When you look at the list of other finalists from the Contributors category, it's almost insulting that Pat Bowlen wasn't selected as a finalist. Do you think it is because of the logistics his Alzheimer's would cause in awarding him, like since he probably can't accept it in person they won't give it to him? It's an award that seems designed for a Pat Bowlen.
-- Trevor Coughlin
Although it's unfortunate that Bowlen was not named a finalist for the 2017 Hall of Fame class, his battle with Alzheimer's disease had no impact on the subcommittee's choice. Gene Hickerson was inducted in 2007 and Mick Tinglehoff was selected for the 2015 class as Seniors Subcommittee finalists. Both were unable to speak at their inductions because of memory-related illnesses.
Could the Broncos do what Tom Landry did with the Cowboys which was switch the starter and backup quarterback every play?
-- Caleb Chisholm
Could? Sure. Should? Probably not.
If you do that, you can forget about ever getting the offense into up-tempo mode because of the time involved with substituting between each play. Further, it hasn't been proven to work at all in the pros. (It worked for the 1997 Florida Gators, coached by Steve Spurrier, a Broncos QB during their 1977 preseason. Spurrier alternated Doug Johnson and Noah Brindise, and the Gators stunned No. 1 Florida State, 32-29.)
The Broncos did try this -- in 1992, with Tommy Maddox and Shawn Moore alternating plays. The Broncos went winless while shuttling quarterbacks, although they nearly upset the eventual Super Bowl winners, the Cowboys.
Based on your question, I'm sure you're familiar with Landry's 1971 shuffling of Craig Morton and Roger Staubach. After each saw time in the first six games, Landry tried the infamous alternating-plays tactic in Week 7 against Chicago. Yes, it's "infamous" because it didn't work; the Cowboys turned over the football seven times and lost 23-19 to a mediocre Bears club.
Finally in the following week, Landry settled on Staubach, and they didn't lose again that season. It was an idea that had run its course. Maybe this could work for a game, but it's not sustainable and does nothing to foster offensive cohesion.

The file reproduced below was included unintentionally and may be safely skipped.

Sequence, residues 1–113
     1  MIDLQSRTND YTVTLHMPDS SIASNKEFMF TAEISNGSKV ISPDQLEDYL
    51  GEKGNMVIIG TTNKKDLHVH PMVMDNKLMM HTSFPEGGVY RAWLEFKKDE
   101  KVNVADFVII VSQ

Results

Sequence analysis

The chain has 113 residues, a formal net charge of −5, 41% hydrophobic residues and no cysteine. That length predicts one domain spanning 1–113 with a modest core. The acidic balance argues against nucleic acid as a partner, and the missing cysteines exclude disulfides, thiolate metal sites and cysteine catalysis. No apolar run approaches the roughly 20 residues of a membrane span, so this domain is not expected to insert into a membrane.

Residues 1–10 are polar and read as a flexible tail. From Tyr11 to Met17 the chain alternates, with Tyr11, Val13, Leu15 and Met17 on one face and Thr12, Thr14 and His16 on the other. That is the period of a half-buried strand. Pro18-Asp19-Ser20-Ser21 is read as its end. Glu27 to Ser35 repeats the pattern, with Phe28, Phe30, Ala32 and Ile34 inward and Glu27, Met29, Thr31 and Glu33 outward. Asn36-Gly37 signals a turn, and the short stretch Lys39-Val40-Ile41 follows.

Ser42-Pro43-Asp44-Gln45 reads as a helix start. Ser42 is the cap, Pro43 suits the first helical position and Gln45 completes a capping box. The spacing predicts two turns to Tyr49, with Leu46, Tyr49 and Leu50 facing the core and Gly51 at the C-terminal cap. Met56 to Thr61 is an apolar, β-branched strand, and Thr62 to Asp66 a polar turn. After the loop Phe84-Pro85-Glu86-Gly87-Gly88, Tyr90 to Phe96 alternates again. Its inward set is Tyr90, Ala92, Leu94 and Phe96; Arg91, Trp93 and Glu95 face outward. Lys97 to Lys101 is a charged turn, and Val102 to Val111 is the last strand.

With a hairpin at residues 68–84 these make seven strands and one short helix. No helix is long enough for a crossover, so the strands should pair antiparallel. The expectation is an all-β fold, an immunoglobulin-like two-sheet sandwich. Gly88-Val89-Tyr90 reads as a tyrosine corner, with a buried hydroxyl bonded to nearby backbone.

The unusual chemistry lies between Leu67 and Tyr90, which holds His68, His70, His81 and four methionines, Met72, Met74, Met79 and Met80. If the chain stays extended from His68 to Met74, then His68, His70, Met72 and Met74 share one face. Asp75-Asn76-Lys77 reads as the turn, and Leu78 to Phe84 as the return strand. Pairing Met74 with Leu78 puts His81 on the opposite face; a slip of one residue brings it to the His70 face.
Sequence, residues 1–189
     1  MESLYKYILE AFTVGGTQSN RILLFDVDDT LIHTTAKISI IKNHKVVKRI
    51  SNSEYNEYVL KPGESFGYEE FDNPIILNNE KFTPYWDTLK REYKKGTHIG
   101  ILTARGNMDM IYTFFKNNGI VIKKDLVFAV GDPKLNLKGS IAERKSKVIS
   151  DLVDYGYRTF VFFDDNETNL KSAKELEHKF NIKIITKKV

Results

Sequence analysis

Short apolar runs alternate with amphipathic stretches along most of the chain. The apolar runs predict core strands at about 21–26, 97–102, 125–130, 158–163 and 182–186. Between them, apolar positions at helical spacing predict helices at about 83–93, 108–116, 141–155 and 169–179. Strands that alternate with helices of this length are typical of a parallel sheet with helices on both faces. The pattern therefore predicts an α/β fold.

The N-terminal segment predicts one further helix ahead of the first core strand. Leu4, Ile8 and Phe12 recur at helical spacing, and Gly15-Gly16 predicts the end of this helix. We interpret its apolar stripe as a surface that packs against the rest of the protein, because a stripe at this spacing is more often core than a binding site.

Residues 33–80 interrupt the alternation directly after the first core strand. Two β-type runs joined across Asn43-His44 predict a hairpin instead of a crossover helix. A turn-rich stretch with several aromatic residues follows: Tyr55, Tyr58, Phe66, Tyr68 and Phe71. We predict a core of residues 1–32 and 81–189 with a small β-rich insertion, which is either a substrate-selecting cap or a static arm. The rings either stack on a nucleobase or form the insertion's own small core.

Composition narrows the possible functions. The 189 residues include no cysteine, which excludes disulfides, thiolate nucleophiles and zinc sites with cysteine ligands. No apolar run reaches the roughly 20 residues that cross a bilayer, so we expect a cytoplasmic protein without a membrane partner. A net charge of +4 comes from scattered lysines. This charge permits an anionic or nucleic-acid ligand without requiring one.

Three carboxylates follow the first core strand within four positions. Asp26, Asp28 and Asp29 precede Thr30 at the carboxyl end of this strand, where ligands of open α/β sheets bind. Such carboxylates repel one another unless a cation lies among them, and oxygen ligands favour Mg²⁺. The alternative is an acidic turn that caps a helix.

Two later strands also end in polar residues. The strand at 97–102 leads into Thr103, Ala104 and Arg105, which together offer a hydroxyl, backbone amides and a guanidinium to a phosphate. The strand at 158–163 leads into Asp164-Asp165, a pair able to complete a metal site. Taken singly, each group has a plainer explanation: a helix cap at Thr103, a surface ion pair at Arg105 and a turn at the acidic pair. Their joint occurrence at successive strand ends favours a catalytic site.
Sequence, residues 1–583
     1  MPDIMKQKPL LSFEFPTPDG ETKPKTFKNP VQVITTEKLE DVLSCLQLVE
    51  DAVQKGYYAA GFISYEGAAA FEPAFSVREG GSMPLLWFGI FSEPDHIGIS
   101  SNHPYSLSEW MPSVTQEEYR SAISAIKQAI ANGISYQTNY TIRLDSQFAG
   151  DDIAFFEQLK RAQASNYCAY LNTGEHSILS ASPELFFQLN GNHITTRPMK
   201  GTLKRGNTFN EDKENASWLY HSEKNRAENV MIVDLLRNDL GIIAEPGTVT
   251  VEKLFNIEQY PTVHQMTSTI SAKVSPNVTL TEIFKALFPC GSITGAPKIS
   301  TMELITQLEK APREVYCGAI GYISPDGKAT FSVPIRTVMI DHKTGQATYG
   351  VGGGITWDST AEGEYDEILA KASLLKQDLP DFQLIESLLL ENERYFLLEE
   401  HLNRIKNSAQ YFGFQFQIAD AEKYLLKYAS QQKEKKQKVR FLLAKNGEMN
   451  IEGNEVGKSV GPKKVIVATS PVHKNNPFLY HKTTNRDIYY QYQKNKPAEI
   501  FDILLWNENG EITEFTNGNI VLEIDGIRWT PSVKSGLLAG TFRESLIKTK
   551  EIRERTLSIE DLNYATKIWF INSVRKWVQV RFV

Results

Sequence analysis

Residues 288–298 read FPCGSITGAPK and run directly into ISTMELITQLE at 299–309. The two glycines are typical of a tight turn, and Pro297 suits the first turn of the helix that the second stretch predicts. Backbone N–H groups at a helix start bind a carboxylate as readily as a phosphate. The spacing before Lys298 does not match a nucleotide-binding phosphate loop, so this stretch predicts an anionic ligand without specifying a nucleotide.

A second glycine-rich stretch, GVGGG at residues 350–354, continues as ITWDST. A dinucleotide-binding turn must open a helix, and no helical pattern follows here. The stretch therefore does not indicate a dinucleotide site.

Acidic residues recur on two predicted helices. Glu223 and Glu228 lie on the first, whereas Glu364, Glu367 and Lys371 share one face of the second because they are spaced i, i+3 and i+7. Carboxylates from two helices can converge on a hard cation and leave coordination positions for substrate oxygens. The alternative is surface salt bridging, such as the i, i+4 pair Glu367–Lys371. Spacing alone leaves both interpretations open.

What is your theory on why there aren't many Broncos in the Hall of Fame?**
-- Rick S
I don't think it's a one-size-fits-all proposition. So it's less of a theory, and more of an unfortunate series of circumstances.
Take the cases of the Broncos' finalists from the last decade who have not been inducted.
John Lynch is hurt by the inability of the Hall of Fame Selection Committee to get a grasp on evaluating pure safeties; the fact that there is no pure safety who has played since 1981 is a massive oversight.
Getting Seniors Subcommittee nominee Kenny Easley in for the 2017 class is a great choice, but that's one pure safety from the last 35 years. Easley's inclusion, assuming he gets the nod from the full committee, is not an adequate remedy. Steve Atwater is in the same boat as Lynch. Both were not merely good, but great, and belong in the Hall of Fame.
Terrell Davis has been hurt by his short career span, despite the fact that he maximized his years more than anyone else, has a career per-game average (including postseason games) only exceeded by Jim Brown, and is the only player with a Super Bowl MVP trophy, a league MVP trophy and a 2,000-yard rushing season. His continued absence from the Hall of Fame is an absurdity based on narrow-minded perspective that uses a player's injuries -- which are beyond his control -- against him.
Randy Gradishar, a finalist in 2003 and again in 2008, is hurt by a ridiculous perception that his tackle totals were fudged -- a notion that unfairly attacks the credibility of then-defensive coordinator Joe Collier and everyone around the Broncos -- and the belief that plays were funneled toward him. But if you watch film of Gradishar, you see him attacking and anticipating the flow of plays, thus putting him in line for one tackle after another. Further, he could make plays in coverage.